This article was the Herald Editorial
British settlers in the Thirteen Colonies that eventually coalesced into the fledgling democracy of the United States of America had a slogan: “No taxation without representation”.
In modern democracies should the reverse also apply?
Not long after the 1998 Scotland Act, individual voices from different parts of the political spectrum began to question the validity of a settlement that produced a Scottish Parliament that spends public money but does not raise it. Labour’s Wendy Alexander, an architect of the legislation, was one of the first to identify this flaw and call for discussion of further constitutional change. Nearly a decade ago, former presiding officer at Holyrood, Liberal Democrat Sir David Steel, questioned an arrangement that left the Scottish Parliament “responsible for massive public expenditure without any responsibility for raising revenue in a manner accountable to the electorate”. A handy epigram might be: “No representation without taxation”.
That is the impetus behind the Devo Plus campaign launched yesterday by the think tank Reform Scotland and an MSP from each of the three main opposition parties at Holyrood. If independence were rejected in the forthcoming referendum, they would campaign for a constitutional settlement that would hand to Holyrood full control over raising most of what it spends – essentially income tax and corporation tax – and also take over the payment of most welfare spending. Meanwhile Westminster would continue to collect National Insurance and VAT and pay the state retirement pension.
Though this idea is by common consent a work in progress, there is a certain logic in such an arrangement. In recent weeks both former Chancellor Alistair Darling and Prime Minister David Cameron have also started talking about the prospect of further devolution within the United Kingdom.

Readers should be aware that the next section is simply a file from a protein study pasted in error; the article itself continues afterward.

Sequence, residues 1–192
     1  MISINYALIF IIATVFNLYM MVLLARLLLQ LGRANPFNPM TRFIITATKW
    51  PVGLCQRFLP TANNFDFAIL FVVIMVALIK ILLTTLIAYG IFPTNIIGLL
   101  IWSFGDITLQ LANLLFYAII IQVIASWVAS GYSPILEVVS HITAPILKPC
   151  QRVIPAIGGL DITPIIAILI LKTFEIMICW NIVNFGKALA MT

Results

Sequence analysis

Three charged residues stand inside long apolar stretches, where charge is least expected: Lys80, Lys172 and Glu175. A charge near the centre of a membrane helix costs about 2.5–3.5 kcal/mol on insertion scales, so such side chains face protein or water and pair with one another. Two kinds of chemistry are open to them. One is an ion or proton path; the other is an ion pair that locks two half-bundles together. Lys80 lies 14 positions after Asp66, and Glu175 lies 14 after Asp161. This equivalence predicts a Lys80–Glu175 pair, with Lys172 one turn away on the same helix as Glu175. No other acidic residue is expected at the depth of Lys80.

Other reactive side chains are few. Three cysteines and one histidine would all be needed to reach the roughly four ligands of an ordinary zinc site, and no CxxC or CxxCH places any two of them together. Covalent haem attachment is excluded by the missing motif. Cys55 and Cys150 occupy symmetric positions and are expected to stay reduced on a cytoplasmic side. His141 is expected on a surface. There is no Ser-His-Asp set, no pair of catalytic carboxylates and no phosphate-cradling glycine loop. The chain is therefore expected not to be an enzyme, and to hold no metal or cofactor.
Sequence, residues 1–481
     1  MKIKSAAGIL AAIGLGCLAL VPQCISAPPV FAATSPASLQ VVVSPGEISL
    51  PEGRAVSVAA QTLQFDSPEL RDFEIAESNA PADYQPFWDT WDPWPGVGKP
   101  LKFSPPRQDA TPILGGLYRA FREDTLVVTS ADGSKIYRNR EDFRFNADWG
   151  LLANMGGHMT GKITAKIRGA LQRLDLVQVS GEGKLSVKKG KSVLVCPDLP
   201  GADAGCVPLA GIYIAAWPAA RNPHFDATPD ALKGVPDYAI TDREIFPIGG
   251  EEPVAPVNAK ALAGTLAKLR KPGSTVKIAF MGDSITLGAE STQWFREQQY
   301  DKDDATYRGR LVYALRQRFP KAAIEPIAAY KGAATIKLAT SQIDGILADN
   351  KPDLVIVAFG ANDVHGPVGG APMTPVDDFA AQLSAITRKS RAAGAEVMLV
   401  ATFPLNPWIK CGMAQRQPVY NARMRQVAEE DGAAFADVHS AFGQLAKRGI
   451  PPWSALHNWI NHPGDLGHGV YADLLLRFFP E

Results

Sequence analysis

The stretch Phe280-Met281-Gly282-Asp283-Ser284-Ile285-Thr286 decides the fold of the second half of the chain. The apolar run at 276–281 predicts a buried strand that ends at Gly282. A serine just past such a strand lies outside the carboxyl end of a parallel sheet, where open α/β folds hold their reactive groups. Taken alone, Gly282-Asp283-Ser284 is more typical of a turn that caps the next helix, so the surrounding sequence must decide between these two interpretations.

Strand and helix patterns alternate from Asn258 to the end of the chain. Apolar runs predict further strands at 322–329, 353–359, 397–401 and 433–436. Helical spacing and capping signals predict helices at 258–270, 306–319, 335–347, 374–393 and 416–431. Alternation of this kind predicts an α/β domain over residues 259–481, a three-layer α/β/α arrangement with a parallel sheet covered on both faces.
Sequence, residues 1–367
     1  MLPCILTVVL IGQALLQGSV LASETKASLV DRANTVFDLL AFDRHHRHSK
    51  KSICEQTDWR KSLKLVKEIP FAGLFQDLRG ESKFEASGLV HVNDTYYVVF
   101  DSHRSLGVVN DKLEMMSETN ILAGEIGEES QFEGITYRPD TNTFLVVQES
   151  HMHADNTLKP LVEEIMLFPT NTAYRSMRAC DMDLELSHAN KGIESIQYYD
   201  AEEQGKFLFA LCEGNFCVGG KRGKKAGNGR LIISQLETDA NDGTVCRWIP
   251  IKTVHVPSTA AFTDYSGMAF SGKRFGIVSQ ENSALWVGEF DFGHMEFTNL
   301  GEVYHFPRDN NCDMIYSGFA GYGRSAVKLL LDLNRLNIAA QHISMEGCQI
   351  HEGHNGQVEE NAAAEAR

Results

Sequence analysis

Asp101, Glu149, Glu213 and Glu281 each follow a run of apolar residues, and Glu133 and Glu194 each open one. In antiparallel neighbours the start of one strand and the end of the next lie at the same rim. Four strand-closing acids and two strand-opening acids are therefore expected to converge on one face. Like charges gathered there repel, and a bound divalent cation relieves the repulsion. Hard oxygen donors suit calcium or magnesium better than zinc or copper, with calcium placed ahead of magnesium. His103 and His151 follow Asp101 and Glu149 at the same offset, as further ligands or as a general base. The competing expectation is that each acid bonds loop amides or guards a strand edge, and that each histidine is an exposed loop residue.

Devo plus falls short of devo max, where all taxes would be raised in Scotland and a portion handed to Westminster for services rendered. Maximum devolution, argues former LibDem MP Jeremy Purvis, head of the Devo Plus Group, is a recipe for instability. Given its implications for the West Lothian Question relating to Scottish MPs voting on English laws, it could also have consequences for the survival of the Union.
In the debate so far, though the SNP’s preference is for outright independence, in devo max the party has also sought to occupy the constitutional middle ground. Devo plus shows how devolution-minded Unionists could challenge Alex Salmond. It is time their voices were heard, given that even with the SNP’s outright victory in May 2011, 55% of voters opted for Unionist parties.
The challenge will be getting the opposition parties to work together, especially the Conservatives, whose Scottish leader Ruth Davidson was elected on a platform of the current Scotland Bill as a “line in the sand” constitutionally.
The new grouping describes itself as being “cross-party and non-party”. That is a refreshing idea in itself and one that could herald new political alignments, crossing party boundaries, to make the case for the Union. There is a certain logic in that too. After all, the SNP currently manages to encompass political views that range from socialism to businessmen who hold right of centre views.
Putting the pros and cons to one side, devo plus opens to scrutiny the vast range of options that lie between the Calman Commission and Scottish independence. That should be a vital contribution to the debate. All voices in this debate deserve a full hearing.